Re: Stray thoughts on ' Update of IESG statement "Last Call Guidance to the Community"'

Keith Moore <> Thu, 22 April 2021 23:20 UTC

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Subject: Re: Stray thoughts on ' Update of IESG statement "Last Call Guidance to the Community"'
To: Adam Roach <>,
References: <> <> <> <> <> <>
From: Keith Moore <>
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Date: Thu, 22 Apr 2021 19:20:39 -0400
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On 4/22/21 6:42 PM, Adam Roach wrote:

>>> More pointedly -- it lets folks see discussions of IETF work product 
>>> without them getting lost among (checks notes) 150 messages about a 
>>> New York Times article, 132 posts about QUIC and DNSSEC, and 234 
>>> messages about inclusiveness.
>>> I'm not necessarily saying these topics aren't worth discussing; but 
>>> it's important to get broad consensus on the documents we publish as 
>>> RFCs, and we can't afford to lose those conversations under the 
>>> crush of high-volume topics. The risk of documents in last call 
>>> getting lost in the noise is far more of a barrier to being 
>>> "available to the community" than the use of a dedicated mailing list.
>> One can credibly make the opposite argument also: that it's hard to 
>> find the time/patience to scan all of the Last Call discussions that 
>> happen, just so you can be "in the loop" for the relatively rare Last 
>> Call discussions that seem important to you. 
> That's the same argument on a smaller scale: I asserted that we needed 
> (and then benefited from) a smaller haystack for the needles of 
> interest, and you're saying that the new, much smaller haystack may 
> still be too large for effective needle finding.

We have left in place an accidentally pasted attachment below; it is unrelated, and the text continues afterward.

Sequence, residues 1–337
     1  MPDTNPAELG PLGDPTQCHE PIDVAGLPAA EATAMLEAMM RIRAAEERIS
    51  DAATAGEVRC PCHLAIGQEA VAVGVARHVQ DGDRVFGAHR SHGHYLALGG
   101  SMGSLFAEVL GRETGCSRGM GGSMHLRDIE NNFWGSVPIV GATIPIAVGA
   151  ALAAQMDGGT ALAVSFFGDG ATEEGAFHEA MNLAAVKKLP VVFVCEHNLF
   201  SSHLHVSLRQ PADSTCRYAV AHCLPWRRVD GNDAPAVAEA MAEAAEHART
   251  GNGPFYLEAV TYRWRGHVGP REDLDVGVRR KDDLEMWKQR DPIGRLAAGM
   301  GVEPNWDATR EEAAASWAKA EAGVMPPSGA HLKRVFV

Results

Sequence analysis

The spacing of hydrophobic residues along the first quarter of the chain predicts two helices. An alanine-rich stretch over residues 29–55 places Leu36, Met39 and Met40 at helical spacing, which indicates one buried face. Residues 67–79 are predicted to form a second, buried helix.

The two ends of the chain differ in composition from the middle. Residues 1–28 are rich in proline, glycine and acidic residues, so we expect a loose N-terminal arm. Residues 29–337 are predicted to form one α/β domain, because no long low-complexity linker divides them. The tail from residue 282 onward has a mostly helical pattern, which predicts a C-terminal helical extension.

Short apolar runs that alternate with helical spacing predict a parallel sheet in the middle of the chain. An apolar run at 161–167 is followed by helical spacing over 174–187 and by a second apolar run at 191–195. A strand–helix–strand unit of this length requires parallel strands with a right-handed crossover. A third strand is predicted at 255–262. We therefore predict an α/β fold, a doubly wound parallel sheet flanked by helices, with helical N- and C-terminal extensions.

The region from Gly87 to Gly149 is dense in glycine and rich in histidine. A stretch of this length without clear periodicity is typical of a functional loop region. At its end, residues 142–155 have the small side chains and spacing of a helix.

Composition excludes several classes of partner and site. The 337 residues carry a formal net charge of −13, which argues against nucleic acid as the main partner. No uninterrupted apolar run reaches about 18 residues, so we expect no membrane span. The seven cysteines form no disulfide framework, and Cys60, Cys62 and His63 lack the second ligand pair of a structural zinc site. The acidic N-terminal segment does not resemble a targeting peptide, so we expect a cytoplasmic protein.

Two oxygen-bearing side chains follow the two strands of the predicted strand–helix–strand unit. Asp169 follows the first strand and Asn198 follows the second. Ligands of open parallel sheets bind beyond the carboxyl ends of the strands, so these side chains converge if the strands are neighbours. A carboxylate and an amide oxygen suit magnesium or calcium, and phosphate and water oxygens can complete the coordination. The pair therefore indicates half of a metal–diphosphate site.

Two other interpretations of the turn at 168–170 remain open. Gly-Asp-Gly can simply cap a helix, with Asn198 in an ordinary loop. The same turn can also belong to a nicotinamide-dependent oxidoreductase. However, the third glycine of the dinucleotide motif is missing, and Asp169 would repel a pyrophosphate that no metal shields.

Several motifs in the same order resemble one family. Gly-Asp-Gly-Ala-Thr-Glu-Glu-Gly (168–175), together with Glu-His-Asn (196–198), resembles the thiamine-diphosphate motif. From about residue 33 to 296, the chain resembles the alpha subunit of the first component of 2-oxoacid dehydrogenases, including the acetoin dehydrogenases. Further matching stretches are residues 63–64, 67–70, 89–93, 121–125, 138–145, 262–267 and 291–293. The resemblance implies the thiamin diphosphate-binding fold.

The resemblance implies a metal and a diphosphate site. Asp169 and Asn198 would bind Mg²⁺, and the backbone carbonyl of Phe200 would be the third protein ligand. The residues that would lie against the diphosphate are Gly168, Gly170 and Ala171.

Actually, no, though perhaps I didn't make myself sufficiently clear.   
Let me try to describe it differently:

Everybody has their own idea of which messages are relevant and which 
are not relevant.

If the list you're reading has a high percentage of relevant (to you) 
messages, you may find it worth your time/energy/patience to deal with 
the relatively rare irrelevant message, enough that you will peruse the 
entire list.  By doing so, you also have the opportunity to discover 
discussions which are valuable to you (and some of less value to  you) 
that you would not have specifically looked for.

But if everybody reads only from very narrowly focused lists, those 
opportunities will be lost, and nearly everyone will be working from 
within a narrow silo.

So I specifically don't advocate "even finer grained breakdown".   But 
I'm trying to brainstorm ways in which people can still at least be 
aware of more diverse conversations, without getting drowned in the flood.

Or from another angle: I doubt that the last-call@ list is actually a 
high signal-to-noise ratio for many, because I suspect that few people 
outside of IESG really want to read about every Last Call.   (Feel free 
to tell me if I'm assumed incorrectly.) So I'm wondering if lists that 
are organized along different dimensions would work better, say one list 
per area with all of the announcements (BOF, WG discussion, LC 
discussions, etc.) pertaining to that area included on the list.   But 
why should we limit ourselves to statically configured lists, if we can 
instead each specify what areas/topics/WGs we're interested in?